Government continues to tell us that the UK manufacturing base needs to export more. The Chancellor now has a golden opportunity to help rebalance our economy in this Budget with a package of tax reliefs and investments that will assist businesses in achieving this goal.
A ‘Made in the UK’ badge is still seen as a hallmark of great quality overseas, particularly in the defence sector, but the long term sustainment of our industrial base requires us to also price competitively and invest in the future.
To stem the decline in the UK industrial base we need to see further investment in infrastructure, particularly in the North West and to incentivise companies to expand and invest in young people. We therefore need to see increases in capital allowances on investments, greater support for the funding of apprenticeships and a reduction in National Insurance for new employees would be welcome.
From a price perspective, the current duty on fuel has not only caused our own overheads to increase but those of our suppliers, if we are to remain competitive in Europe we need competitive fuel pricing via a reduction in duty.
To encourage businesses to export more and remove some of the bureaucracy that surrounds it, the Defense Trade Co-operation Treaty has been warmly welcomed by many companies, but the Government Departments that will have to deal with the vetting and registration process of suppliers are already over stretched. Government policies such as the DTCT, although applauded, need to be fully funded and the downstream implications and the costs they impose on UK companies considered and suitable tax breaks offered.
Further incentives, in support of growing the export market, should be a series of corporation tax breaks for SMEs related to their percentage of export business, this will help to reduce costs and increase competitiveness and foster further growth.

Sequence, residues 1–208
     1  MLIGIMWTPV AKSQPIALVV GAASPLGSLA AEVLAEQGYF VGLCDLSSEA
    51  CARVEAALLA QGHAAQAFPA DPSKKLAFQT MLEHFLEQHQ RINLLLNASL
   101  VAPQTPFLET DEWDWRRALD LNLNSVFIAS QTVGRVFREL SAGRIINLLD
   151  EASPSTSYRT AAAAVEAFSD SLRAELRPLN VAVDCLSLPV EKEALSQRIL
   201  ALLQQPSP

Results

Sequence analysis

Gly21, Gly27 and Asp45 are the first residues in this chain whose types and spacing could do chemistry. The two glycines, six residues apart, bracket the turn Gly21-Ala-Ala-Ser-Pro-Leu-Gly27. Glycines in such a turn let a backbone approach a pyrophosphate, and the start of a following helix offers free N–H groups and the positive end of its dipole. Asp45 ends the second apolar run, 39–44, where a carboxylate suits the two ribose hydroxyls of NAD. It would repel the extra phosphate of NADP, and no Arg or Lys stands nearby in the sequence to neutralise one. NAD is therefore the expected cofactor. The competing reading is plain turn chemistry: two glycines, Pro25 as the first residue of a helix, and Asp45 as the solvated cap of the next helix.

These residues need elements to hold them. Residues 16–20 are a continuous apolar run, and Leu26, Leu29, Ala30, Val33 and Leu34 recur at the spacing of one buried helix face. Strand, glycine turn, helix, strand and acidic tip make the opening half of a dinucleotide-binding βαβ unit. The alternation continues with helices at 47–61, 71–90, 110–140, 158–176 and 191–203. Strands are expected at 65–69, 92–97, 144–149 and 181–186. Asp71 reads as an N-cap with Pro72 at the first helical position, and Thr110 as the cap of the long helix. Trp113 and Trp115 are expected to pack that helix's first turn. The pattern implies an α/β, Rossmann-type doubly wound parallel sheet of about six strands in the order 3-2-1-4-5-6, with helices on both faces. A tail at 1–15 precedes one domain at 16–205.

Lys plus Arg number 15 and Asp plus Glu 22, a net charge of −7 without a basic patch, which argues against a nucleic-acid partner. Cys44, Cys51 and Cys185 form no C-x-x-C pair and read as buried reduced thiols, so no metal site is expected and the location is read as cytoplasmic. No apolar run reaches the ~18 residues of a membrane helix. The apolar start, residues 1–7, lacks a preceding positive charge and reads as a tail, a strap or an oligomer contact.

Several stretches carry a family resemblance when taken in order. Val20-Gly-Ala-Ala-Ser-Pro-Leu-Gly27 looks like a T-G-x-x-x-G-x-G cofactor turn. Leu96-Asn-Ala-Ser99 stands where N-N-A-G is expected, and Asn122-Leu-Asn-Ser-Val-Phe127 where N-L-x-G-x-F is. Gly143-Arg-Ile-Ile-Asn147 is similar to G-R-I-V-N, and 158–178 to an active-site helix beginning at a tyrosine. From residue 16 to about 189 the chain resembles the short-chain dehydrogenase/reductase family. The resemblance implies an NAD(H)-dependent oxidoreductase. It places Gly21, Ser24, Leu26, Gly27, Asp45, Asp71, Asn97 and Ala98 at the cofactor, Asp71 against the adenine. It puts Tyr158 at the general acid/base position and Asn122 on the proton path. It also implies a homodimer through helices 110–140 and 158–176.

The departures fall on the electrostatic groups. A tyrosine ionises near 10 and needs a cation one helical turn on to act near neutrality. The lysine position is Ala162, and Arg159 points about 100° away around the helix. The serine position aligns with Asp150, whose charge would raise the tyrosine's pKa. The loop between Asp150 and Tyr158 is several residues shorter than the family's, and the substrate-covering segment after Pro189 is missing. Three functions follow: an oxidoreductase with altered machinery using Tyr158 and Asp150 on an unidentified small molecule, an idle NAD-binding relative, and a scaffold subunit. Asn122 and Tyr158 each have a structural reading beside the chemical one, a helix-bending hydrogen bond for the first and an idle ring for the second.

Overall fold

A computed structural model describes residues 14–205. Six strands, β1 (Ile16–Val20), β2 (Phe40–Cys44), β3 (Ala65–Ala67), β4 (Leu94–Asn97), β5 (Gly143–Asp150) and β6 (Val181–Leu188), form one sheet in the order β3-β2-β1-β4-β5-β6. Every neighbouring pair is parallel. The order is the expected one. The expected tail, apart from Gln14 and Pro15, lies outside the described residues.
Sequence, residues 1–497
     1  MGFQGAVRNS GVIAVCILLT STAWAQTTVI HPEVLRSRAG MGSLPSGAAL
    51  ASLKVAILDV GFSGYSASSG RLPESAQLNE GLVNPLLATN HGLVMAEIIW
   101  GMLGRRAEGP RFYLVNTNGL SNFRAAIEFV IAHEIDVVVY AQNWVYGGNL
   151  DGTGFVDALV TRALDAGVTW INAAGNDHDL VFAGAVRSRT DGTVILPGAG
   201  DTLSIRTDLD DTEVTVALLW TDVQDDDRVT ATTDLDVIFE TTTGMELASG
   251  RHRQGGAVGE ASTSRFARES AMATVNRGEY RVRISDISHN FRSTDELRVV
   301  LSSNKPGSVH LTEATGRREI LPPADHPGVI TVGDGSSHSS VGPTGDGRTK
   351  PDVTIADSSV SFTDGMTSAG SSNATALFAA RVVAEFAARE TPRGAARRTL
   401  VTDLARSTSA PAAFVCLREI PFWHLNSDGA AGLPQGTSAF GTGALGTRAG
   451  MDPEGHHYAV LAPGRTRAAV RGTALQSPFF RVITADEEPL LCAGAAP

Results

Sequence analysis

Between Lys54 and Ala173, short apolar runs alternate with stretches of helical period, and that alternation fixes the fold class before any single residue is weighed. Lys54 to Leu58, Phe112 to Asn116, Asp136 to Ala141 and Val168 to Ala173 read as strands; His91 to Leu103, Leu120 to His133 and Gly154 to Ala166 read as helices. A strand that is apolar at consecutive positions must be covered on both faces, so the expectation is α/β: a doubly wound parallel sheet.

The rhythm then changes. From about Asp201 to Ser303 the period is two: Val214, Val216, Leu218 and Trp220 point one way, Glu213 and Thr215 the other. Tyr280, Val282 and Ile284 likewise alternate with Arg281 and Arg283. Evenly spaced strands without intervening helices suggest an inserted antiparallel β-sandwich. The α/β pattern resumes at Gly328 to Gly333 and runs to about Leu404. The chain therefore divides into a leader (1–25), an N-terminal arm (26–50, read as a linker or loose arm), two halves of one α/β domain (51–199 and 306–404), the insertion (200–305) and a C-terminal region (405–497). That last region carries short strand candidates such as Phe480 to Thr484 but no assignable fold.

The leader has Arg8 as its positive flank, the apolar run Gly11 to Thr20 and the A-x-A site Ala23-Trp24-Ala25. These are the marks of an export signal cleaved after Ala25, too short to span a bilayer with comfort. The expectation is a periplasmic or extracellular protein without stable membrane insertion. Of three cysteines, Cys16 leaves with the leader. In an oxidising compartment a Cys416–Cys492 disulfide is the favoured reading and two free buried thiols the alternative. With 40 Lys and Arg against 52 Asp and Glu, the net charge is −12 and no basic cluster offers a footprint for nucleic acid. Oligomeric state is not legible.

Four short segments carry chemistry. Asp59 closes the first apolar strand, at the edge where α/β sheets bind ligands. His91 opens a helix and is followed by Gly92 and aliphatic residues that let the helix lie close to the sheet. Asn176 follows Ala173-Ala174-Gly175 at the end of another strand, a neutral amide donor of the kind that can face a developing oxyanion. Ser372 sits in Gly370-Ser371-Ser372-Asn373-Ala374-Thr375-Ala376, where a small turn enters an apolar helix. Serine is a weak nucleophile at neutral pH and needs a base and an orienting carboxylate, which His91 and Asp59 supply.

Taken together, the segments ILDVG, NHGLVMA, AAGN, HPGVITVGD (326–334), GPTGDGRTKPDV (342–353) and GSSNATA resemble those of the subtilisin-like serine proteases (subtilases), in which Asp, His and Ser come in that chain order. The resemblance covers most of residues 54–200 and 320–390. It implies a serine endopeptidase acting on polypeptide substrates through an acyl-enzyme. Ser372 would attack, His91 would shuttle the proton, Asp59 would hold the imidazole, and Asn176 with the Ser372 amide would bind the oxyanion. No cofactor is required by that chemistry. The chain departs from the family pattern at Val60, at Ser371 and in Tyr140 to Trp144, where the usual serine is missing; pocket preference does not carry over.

Looking at the economy as a whole the concern is that while George Osborne has remained committed to his ‘Plan A’ of austerity, there has yet to be a clear and concise blueprint for growth. Government statements such as 'We need to export more' are insulting and of little help if not supported by a package of tax incentives and reliefs that help businesses increase their competitiveness and market penetration.
The multiplier effect of an expanding manufacturing business is significant and when our goods are still highly prized overseas there has rarely been a better time to help promote them.
While low-skill production will always be done where labour is cheapest we have an opportunity to foster and grow a highly skilled manufacturing economy to once again be the envy of the world.
Ian joined WFEL, a global manufacturer of temporary bridges for the armed forces, as a 16 year old technical apprentice. In 2006, he executed a management buy-out as its MD. WFEL has been exporting to more than 40 armed forces globally since the 1960s and still designs and builds all of its products from its sole base in Stockport, Cheshire. It employs around 230 people with global sales of almost £40m.